There is a recognition that our system of government in St. Louis no longer provides general prosperity and security to St. Louisans but there are those of us who would still oppose any effort to restructure our government. Who are they and why would they oppose uniting the region?Read more
For a long time, much of Greater St. Louis has believed the conventional wisdom that its 115 governments result from careful choices made by voters and calculated decisions executed by well-intentioned civil servants.
This myth of local control often results in the isolation of residents in their own neighborhood leading to the perception that others simply cannot “get it together.” From this myopic viewpoint, crime, social unrest, dwindling populations, and a struggling economy are the outcome of others’ poor decisions.
However, reality tells a different story...Read more
Originally published in the St. Louis Post-Dispatch April 19, 2016.
Neighborhoods and local accessibility are arguably the largest assets that St. Louis has to offer. Folks who live around you are also the same folks whom you see at school events, the grocery store and on the street. That tight-knit feeling is why so many people love St. Louis. Yet, our largest strength is, at times, also our largest weakness.Read more
The St. Louis Strong Guest Blog Series asks community voices, business executives, and political leaders, "What makes St. Louis Strong?"
Statistics can be unkind to St. Louis. When I took office in 2013, St. Louis consistently ranked among the top five cities with the highest percentage of unbanked and underbanked households. Unbanked families spend approximately $1,200 a year just to get access to their money. Additionally, 88.5% of St. Louis City families qualify for free or reduced lunch; and only approximately 32% of the St. Louis working-age residents have earned a bachelor’s degree or higher.Read more
This piece was originally published in the St. Louis Post-Dispatch on January 14, 2016
We have all heard that there is too much fragmentation in St. Louis. Duplication, waste and inefficiency abound, and there is no way to bring about change because the kings and kingdoms are firmly entrenched.Read more
We're tallying the misbehavior of local municipalities in St. Louis County. Fragmentation weakens the strength of cities and creates a distorted incentive environment that can lead to abusive practices. Such a culture erodes local confidence in government, deepens inequity, and chases off business. A new structure could perform better oversight. Imagine if we had more accessible open databases.Read more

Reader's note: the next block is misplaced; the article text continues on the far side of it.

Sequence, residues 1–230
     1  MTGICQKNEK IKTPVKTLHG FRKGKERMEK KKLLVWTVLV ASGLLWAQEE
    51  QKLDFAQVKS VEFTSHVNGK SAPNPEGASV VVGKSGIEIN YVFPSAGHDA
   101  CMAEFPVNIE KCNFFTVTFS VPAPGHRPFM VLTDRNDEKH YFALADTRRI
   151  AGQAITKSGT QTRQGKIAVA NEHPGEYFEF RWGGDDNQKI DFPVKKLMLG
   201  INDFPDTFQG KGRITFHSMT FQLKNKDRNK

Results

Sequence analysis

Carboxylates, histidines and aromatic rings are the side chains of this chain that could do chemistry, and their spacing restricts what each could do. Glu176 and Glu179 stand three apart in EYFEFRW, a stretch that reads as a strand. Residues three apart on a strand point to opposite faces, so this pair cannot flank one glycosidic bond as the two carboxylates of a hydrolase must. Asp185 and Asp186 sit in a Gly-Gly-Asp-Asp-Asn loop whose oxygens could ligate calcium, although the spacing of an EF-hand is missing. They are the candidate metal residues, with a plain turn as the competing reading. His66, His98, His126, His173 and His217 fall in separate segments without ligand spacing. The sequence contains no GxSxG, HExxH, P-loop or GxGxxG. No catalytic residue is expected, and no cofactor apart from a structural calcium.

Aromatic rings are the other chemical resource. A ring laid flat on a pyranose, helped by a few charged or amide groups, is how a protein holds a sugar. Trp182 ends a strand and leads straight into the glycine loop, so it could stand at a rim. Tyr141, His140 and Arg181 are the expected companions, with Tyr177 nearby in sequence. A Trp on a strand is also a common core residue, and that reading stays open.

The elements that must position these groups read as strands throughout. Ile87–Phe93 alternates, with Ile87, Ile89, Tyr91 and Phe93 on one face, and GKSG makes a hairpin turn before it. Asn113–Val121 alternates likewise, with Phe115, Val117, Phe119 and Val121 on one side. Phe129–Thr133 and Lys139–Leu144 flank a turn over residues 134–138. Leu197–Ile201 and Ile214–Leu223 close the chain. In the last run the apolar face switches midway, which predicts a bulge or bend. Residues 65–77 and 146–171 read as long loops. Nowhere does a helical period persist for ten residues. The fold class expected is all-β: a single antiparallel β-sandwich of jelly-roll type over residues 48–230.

Not as long ago as we think, divided regions stood pitted against one another. Outside influences sought to play them off of each other for personal gain. The feeble central government was stripped of any ability to corral these fickle localities—each with their own idiosyncrasies and identity.
Common sense standards regarding general safety and economic regulation had little effect. Many levied taxes against each other in order to steal business. Northern and Southern groups had their own culture, as did those in the East and West.
Before going further, am I talking about the municipalities of St. Louis County or the thirteen states under the Articles of Confederation?Read more
13 Reasons Why St. Louis Should Keep All 91 of Its Municipalities
There has been some crazy talk lately about reducing the number of independent cities that make up St. Louis. Specifically, various hippies have proposed that some of St. Louis County’s 90 municipalities should be merged. Some have even suggested that the city of St. Louis should become part of St. Louis County, which makes no sense for obvious reasons.
Having “St. Louis” consist of 91 separate, independent cities is a already huge competitive advantage for us...and we haven’t even leveraged all the potential opportunities it has to offer! Here are 13 reasons St. Louis should keep all 91 municipalities.